Delta Flight Races Against Hurricane Irma, Becomes Twitter Hero
A Delta flight's frantic attempt to escape from hurricane Irma is the Hero of Twitter.
One of my favorite, over-the-top scenes from The Mummy Returns (aside from the entire film) is when Brendan Frasier and company band together to outrun the sun. That's right: They manage to run faster than an uber-powerful beam of light, from our solar system's biggest star, and crash into the shadows of safety.
It's exactly as preposterous as it sounds, because the film is trying to convince the audience that these everyday humans in the film are faster than the speed of light. But I'm OK with that, because it's a movie. I'd never expect it to happen in real life.
But some pilots at Delta probably didn't get the memo about outrunning nature's natural phenomenons being impossible, because that's basically what they did when they outran Hurricane Irma.
And just in case you got to thinking any old airline could've pulled off this stunt, there were a few that tried, but couldn't manage the logistics to actually pull off beating the hurricane. Some, understandably, even turned around.
Some called Delta reckless for attempting to fly during the storm.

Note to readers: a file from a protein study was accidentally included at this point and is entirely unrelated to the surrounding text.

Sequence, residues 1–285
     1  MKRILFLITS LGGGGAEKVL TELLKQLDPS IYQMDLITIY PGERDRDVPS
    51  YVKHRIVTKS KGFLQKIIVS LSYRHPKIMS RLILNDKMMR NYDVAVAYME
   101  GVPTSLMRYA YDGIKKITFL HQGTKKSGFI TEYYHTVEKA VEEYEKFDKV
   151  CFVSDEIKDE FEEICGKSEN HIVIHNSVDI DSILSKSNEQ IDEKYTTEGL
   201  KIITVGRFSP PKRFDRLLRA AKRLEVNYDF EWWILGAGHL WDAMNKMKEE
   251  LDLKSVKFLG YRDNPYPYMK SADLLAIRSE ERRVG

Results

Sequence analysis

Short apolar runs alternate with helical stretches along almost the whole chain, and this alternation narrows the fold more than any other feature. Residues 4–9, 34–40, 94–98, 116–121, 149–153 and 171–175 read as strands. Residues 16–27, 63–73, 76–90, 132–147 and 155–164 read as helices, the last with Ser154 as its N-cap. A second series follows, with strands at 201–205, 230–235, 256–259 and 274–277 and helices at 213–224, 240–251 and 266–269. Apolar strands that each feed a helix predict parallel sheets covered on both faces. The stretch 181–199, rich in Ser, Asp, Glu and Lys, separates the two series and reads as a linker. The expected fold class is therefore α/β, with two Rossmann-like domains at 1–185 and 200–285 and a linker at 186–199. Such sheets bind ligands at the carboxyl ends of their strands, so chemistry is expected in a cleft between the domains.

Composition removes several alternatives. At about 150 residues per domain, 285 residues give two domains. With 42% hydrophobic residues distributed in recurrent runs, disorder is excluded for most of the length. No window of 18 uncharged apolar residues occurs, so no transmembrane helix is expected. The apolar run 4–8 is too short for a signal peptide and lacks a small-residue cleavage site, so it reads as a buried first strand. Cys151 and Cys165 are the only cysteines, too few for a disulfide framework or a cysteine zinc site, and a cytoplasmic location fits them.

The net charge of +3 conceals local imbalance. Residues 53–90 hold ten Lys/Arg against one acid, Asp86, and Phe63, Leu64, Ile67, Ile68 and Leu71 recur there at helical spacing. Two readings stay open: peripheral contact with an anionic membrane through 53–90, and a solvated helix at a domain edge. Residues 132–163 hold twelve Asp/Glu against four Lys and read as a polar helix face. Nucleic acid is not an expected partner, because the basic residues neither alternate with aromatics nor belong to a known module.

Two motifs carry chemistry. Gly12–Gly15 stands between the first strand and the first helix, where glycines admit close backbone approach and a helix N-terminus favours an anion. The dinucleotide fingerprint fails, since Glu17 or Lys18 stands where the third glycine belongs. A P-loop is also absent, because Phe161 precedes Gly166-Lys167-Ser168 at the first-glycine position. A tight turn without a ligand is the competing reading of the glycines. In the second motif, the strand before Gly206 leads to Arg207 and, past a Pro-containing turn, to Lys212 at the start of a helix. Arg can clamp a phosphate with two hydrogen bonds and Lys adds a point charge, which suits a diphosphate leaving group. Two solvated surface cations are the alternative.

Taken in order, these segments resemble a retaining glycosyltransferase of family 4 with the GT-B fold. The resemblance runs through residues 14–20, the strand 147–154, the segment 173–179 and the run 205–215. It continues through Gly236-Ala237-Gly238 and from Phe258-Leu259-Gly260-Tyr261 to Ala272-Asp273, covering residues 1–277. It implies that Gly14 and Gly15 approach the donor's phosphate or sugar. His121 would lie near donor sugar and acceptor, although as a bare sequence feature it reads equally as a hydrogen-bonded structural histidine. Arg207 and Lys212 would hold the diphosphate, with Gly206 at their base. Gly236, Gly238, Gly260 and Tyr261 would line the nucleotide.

But the airline persisted.
But the airline's team of dispatchers knew what they were doing.
Every leg of the journey was down to the wire.
They sped up boarding as fast as they could.
People were in awe of Delta's speed and precision.
And they managed to beat Irma right before it hit.
They plane was able to land, taxi in, fuel up, get checked for another flight, board passengers, and get back in the air in 52 minutes. Holy. Moly. That's fast.
But it wasn't all rainbows and butterflies from there: The pilots still had to wade through the parts of the storm that were calm - they found the one pocket of quiet and rode that until they were out of harm's way.
It was a concentrated effort.
The Internet is showing nothing but respect for the pilot.
The eye of Hurricane Irma struck the west coast of Florida on Sunday, leaving more than 2.5 million homes without power, and parts of the city of Miami under water. Three deaths have been reported in Florida, with 28 people killed when the storm made its way through the Caribbean.
Irma is expected to continue along the coast of Florida before heading inland towards Georgia.